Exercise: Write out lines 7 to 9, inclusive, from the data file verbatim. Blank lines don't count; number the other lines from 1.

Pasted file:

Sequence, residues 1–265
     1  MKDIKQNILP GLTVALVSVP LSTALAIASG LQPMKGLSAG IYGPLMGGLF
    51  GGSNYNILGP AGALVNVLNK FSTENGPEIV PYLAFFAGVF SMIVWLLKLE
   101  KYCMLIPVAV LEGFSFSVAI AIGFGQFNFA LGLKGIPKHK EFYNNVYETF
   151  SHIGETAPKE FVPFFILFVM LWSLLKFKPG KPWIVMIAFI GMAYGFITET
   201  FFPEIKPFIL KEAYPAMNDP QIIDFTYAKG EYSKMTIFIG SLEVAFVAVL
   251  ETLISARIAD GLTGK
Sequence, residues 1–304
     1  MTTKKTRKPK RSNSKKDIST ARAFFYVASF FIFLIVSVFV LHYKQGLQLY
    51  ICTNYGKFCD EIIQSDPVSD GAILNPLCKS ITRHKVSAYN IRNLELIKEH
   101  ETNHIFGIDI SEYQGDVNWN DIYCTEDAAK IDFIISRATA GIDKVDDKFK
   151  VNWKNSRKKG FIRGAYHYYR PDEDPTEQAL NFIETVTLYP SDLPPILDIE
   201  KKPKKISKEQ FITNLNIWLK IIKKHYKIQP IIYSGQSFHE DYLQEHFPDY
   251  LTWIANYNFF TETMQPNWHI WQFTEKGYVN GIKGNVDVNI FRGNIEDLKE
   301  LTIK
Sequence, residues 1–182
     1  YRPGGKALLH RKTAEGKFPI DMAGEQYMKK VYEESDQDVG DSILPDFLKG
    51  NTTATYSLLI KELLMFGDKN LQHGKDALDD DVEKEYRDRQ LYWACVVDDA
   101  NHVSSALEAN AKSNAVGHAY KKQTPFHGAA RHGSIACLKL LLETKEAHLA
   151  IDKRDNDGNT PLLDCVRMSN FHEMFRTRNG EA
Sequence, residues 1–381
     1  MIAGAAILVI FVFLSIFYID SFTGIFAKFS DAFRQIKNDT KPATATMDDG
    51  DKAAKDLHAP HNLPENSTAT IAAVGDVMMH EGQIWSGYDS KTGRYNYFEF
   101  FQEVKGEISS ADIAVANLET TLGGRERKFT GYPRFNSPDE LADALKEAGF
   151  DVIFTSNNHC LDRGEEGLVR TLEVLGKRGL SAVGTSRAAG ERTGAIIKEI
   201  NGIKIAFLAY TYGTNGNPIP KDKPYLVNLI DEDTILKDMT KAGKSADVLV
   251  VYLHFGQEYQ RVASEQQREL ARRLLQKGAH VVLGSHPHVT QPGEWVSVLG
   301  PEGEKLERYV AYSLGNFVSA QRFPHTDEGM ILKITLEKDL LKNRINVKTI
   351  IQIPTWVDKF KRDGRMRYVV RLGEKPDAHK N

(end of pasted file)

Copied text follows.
   251  ETLISARIAD GLTGK
Sequence, residues 1–304
     1  MTTKKTRKPK RSNSKKDIST ARAFFYVASF FIFLIVSVFV LHYKQGLQLY